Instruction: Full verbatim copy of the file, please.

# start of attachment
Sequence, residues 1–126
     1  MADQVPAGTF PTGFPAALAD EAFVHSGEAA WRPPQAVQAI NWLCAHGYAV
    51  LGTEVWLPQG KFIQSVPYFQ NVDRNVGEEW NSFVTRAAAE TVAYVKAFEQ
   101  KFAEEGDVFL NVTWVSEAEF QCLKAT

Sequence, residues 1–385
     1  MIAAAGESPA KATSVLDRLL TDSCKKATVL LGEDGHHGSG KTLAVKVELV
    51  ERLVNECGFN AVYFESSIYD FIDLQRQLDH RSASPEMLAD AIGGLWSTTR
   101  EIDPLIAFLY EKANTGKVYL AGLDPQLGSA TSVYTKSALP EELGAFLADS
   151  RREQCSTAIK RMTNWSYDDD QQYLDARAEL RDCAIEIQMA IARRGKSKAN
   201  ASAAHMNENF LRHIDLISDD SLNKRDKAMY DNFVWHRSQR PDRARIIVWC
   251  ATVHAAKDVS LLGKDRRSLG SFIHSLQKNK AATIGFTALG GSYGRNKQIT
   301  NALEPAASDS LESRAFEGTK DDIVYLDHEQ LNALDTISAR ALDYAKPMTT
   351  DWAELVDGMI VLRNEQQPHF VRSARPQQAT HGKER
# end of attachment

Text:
Sequence, residues 1–126
     1  MADQVPAGTF PTGFPAALAD EAFVHSGEAA WRPPQAVQAI NWLCAHGYAV
    51  LGTEVWLPQG KFIQSVPYFQ NVDRNVGEEW NSFVTRAAAE TVAYVKAFEQ
   101  KFAEEGDVFL NVTWVSEAEF QCLKAT

Sequence, residues 1–385
     1  MIAAAGESPA KATSVLDRLL TDSCKKATVL LGEDGHHGSG KTLAVKVELV
    51  ERLVNECGFN AVYFESSIYD FIDLQRQLDH RSASPEMLAD AIGGLWSTTR
   101  EIDPLIAFLY EKANTGKVYL AGLDPQLGSA TSVYTKSALP EELGAFLADS
   151  RREQCSTAIK RMTNWSYDDD QQYLDARAEL RDCAIEIQMA IARRGKSKAN
   201  ASAAHMNENF LRHIDLISDD SLNKRDKAMY DNFVWHRSQR PDRARIIVWC
   251  ATVHAAKDVS LLGKDRRSLG SFIHSLQKNK AATIGFTALG GSYGRNKQIT
   301  NALEPAASDS LESRAFEGTK DDIVYLDHEQ LNALDTISAR ALDYAKPMTT
   351  DWAELVDGMI VLRNEQQPHF VRSARPQQAT HGKER